The Nine Hallmarks of Community Mediation
In 1992, a group of community mediation center leaders identified a set of guiding principles that define the practice of community mediation. These hallmarks stem from both paths and are used by community mediators to guide their growth and practice. Two years later, from this shared effort, these practitioners created the National Association for Community Mediation (NAFCM). NAFCM was designed to be the national organization supporting the work of community mediation and promoting the use of the nine hallmarks. The nine hallmarks bind all the divergent paths of community mediation in both philosophy and practice. Each community mediation center is at a different stage of embedding and actualizing the hallmarks into both center culture and communications. Yet, however different the expression, the common values of self- determination, community wisdom and institutional collaboration remain the same.
Hallmarks 1-5 focus on core strengths needed by community mediation centers
- A private non-profit or public agency or program thereof, with mediators, staff and governing/advisory board representative of the diversity of the community served.
- Using trained community volunteers as providers of mediation services; the practice of mediation is open to all persons.
- Providing direct access to the public through self-referral and striving to reduce barriers to service including physical, linguistic, cultural, programmatic and economic.
- Providing service to clients regardless of their ability to pay.
- Providing service and hiring without discrimination on the basis of race, color, religion, gender, age, disabilities, national origin, marital status, personal appearance, gender orientation, family responsibilities, matriculation, political affiliation, source of income.
Hallmarks 6-7 focus on the core focus of creating a safe forum for participants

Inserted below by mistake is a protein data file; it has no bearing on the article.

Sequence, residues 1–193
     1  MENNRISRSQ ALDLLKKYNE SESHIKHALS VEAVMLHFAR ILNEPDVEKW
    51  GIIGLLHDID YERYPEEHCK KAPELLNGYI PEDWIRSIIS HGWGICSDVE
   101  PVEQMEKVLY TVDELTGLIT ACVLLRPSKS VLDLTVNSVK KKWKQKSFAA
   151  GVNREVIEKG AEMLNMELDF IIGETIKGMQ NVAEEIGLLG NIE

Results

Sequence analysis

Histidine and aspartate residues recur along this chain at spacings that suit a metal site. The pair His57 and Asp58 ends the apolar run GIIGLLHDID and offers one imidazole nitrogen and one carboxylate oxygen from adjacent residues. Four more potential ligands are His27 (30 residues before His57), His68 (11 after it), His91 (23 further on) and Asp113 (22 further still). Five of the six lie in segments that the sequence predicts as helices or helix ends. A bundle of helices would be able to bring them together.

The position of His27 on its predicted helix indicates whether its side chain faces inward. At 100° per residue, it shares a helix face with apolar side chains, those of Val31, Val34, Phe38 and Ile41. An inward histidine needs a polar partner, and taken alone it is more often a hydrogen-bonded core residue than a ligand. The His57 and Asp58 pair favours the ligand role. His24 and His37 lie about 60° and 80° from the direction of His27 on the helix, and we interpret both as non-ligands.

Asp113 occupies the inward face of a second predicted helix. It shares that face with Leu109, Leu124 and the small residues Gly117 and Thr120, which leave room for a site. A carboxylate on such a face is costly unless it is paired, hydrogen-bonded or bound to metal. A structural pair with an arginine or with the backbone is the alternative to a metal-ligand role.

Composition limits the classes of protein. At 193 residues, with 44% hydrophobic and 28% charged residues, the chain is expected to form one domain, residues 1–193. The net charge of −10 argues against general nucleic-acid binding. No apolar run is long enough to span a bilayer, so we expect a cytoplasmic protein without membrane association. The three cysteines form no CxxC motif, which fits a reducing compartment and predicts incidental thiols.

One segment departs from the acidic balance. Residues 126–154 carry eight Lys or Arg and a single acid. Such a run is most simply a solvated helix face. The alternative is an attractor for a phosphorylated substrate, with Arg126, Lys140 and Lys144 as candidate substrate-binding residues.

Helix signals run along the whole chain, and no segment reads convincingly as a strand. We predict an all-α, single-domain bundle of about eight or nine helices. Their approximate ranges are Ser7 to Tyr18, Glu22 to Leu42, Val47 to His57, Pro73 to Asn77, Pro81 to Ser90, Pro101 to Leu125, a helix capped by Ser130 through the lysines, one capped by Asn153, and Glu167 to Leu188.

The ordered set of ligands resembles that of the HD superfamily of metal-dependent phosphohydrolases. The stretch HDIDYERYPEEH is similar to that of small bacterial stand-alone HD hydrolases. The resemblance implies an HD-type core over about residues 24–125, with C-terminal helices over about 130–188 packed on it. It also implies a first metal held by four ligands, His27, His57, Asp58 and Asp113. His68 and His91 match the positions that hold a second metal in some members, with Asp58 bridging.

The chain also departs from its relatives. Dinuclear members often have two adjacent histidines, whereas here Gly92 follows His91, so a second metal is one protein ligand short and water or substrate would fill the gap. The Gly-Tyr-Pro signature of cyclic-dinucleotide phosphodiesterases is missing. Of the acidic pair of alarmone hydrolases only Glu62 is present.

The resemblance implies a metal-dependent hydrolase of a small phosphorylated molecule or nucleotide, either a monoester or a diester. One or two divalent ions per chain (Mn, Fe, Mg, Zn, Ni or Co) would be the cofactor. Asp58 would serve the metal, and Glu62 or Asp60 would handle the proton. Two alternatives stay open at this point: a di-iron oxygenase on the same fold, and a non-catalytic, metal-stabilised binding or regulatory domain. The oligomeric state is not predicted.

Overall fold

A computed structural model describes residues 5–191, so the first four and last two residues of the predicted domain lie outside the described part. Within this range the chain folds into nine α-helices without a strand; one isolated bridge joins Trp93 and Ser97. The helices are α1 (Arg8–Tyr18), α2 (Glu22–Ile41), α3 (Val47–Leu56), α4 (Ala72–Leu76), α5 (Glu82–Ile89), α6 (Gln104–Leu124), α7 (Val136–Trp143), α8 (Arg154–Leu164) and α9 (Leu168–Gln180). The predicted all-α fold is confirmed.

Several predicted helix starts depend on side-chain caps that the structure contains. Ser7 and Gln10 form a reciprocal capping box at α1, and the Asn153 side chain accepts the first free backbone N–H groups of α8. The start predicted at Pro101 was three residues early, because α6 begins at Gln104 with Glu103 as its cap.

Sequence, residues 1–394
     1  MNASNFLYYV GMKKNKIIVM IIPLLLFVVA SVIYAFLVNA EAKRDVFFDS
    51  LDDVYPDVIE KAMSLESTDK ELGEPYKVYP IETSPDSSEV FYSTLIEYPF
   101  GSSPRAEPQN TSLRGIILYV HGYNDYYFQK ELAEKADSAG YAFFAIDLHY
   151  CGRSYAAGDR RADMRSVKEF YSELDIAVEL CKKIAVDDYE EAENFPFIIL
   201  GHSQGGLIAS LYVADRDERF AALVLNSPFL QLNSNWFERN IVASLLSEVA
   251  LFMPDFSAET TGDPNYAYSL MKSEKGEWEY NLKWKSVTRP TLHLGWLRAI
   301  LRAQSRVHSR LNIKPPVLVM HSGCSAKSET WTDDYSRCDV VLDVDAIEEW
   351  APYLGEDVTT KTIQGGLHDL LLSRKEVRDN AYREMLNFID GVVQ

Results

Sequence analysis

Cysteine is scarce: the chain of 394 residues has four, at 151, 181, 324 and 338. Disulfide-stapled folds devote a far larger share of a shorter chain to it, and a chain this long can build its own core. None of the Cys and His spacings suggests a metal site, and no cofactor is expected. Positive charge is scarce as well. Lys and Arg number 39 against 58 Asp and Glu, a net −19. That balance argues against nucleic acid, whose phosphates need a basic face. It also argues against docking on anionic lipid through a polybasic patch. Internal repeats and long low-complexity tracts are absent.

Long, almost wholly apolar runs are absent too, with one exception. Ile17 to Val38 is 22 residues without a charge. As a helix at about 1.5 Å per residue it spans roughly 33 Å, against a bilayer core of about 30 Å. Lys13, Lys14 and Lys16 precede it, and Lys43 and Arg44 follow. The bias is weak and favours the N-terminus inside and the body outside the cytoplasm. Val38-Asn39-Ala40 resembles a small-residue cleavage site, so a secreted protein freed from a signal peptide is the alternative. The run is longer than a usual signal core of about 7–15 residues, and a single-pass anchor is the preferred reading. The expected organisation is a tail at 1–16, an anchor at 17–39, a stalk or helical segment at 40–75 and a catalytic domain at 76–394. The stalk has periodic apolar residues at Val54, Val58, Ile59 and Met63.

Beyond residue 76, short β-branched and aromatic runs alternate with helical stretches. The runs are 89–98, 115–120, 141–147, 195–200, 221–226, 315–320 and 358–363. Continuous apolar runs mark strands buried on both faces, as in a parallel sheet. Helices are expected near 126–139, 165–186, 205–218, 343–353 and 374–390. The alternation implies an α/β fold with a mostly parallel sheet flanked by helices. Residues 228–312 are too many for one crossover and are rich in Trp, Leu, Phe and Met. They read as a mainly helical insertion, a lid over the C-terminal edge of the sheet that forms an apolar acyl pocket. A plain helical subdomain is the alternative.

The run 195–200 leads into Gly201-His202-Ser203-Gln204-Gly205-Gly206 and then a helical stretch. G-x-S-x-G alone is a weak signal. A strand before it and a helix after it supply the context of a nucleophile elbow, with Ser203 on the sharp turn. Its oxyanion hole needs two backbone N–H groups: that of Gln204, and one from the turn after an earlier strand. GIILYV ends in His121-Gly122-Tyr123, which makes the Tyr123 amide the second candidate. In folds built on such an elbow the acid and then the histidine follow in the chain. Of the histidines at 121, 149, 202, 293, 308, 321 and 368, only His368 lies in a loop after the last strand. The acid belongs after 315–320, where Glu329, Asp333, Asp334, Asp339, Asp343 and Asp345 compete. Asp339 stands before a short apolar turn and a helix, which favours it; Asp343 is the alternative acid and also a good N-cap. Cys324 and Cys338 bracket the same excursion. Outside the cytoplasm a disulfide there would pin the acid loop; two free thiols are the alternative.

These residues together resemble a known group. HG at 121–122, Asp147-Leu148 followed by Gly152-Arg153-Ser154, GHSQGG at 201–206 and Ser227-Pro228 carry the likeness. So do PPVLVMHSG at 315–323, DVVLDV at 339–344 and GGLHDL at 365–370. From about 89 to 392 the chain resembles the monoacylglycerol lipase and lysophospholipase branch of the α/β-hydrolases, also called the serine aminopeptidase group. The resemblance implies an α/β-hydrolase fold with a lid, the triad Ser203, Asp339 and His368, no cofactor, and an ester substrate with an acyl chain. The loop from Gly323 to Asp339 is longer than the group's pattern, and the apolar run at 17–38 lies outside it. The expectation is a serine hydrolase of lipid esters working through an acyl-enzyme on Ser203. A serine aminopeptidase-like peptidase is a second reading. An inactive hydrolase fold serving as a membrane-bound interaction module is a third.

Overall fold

- Providing a forum for dispute resolution at the earliest stage of conflict.
- Providing an alternative to the judicial system at any stage of a conflict.
Hallmarks 8-9 recognize the strengths found by raised community consciousness
- Initiating, facilitating and educating for collaborative community relationships to effect positive systemic change.
- Engaging in public awareness and educational activities about the values and practices of mediation.
What Types of ADR Processes Are Used in Community Mediation?
Community mediators use methods of dispute resolution that empower participants to advocate for their needs, make their own decisions and be accountable for their actions or decisions. The following are examples of the types of processes that may be used and case examples.
Mediation is a voluntary process whereby mediators help participants work together to resolve conflict. A mediator guides participants in a process, usually face-to-face, that allows participants to hear each other’s concerns and then work with each other to come up with ideas for the resolution of conflict. In this model, a mediator will actively listen to allow everyone an opportunity to build a greater appreciation of others and themselves, be impartial and not take sides or give advice, and support the participants through a collaborative problem-solving process. During this process, participants can either (1) develop solutions that meet their needs, or (2) decide to remain in the parts of the conflict they are not yet ready to face or address.
Community mediation centers use a variety of models and styles. Together, these methods help people experiencing conflict to create solutions that fit their needs and help them transform their relationship for the better. Mediation may be used to resolve a wide variety of disputes including: neighbor/property disputes, landlord/tenant issues, parenting and child custody issues, work disputes and criminal matters.